Dylan Matthews has an interesting discussion of a plan by Anya Kamenetz, you can read an outline of the plan here. The upshot of her approach is that an entire degree can be done for 10k per student. There is much in the plan I have sympathy for, and I do think higher education could be much cheaper and still serve most of its useful functions. That said, I consider this specific proposal to involve some overselling.
Let me just pick up on the single sub-proposal closest to my life:
She [Kamenetz] would also abolish the major of “business,” the single most popular undergraduate major, but perhaps also the least rigorous, and which produces relatively poor-achieving students. Instead, she’d fold practical business classes into the economics major.
Let’s just, for the sake of argument, accept the premise of the business major being less rigorous at many schools. I would not make such an incendiary claim myself, certainly not about my own school, but this is an exercise in logic, not empirics.
OK, so at many schools below the top, what would happen? It would be simple: many of the former or would-have-been business majors would not be able to pass the mid- or upper-level classes of the economics major. What then?
You can flunk out the less scholastically oriented business majors, which is probably not a good idea.
Or you could make all of those economics classes much easier, which is also probably not a good idea. The better students lose out and the whole major becomes worth less money and also less prestigious for the school. In essence you end up abolishing the economics major.
Or you can push the former business majors into some other easy major (communications? education?…those are againt purely hypothetical examples, please put aside the empirics). That’s not the end of the world, but then the point of the exercise is less than clear. If a lot of students want to be business majors, is it such a big educational gain to shovel them into some major they perhaps do not want and may also be less marketable?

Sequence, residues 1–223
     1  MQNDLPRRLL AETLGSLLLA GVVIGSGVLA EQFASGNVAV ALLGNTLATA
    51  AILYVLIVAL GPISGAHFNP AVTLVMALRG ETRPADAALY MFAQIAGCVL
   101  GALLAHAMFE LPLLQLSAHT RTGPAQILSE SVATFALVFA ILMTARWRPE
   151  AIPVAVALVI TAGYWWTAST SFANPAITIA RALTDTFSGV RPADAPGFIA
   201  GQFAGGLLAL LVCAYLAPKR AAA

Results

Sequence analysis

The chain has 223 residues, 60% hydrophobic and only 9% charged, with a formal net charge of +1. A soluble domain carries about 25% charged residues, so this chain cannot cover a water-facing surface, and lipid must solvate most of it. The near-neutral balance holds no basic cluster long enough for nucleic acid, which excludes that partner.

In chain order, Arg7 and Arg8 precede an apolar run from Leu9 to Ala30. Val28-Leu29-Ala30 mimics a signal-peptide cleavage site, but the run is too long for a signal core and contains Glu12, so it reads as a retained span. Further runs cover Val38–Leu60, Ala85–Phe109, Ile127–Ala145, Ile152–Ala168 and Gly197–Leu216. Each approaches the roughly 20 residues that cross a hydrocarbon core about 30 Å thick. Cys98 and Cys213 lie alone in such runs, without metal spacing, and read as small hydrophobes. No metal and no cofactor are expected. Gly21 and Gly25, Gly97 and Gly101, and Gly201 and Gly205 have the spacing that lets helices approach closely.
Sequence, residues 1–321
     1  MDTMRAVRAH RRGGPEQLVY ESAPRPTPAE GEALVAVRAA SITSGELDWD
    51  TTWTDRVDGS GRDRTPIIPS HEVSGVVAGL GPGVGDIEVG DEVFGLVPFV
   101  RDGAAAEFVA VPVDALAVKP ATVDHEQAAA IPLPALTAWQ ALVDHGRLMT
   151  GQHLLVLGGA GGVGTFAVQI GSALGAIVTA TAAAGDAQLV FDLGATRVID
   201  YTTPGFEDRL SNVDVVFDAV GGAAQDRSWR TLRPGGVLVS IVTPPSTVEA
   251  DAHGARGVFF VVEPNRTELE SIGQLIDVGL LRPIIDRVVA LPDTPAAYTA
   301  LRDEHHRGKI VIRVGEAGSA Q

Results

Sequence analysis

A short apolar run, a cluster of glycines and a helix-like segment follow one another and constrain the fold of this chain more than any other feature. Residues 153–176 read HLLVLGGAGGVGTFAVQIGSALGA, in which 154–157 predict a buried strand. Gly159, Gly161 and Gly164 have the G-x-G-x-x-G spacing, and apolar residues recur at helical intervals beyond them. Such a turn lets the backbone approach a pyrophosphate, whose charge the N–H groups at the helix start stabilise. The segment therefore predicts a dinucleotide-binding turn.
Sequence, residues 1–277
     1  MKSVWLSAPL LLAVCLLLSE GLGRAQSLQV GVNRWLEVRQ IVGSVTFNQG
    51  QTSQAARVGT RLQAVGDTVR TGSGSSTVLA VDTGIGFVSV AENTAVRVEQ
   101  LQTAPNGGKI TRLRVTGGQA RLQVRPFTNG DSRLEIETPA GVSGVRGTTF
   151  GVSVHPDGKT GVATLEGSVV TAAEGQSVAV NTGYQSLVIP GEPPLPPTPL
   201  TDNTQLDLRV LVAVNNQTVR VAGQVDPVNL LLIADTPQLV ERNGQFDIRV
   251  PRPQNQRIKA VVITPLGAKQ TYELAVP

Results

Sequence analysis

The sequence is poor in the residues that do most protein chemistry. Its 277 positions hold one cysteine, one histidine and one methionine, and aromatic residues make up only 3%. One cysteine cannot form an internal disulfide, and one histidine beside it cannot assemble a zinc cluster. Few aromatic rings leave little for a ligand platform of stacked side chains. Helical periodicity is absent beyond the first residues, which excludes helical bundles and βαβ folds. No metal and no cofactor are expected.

The most likely outcome would be the creation of a multi-tiered economics major, with a harder track and easier track, labeled accordingly, a bit like the B.S. vs. the B.A., though different in the details. Again, that is hardly the end of the world, and maybe the idea is worth considering, but at this point we must again ask where are the gains. I have an idea: let’s call the less rigorous economics track the business major. Or in the interests of the fig leaf producers, how about the business economics major? The reality is that many schools do combine economics and business and they don’t seem to achieve major competitive or cost advantages in doing so; in fact they may be more likely to encounter clashes of mission and disagreements over what kind of faculty to hire.
(Are there big gains in overhead reduction from consolidating these two departments? I don’t see it. And note that some business schools which contain economics departments are broken down into “groups,” sometimes with semi-autonomous status to limit conflict and transactions costs, and that is going to bring back some overhead costs.)
And so on. Many parts of such proposals cannot be readily translated into reality, at least not a reality where the cost of a four-year degree sinks to 10k total. A big problem with a lot of “good ideas” for education is simply that (in various hypothetical universes) the students are not up to them.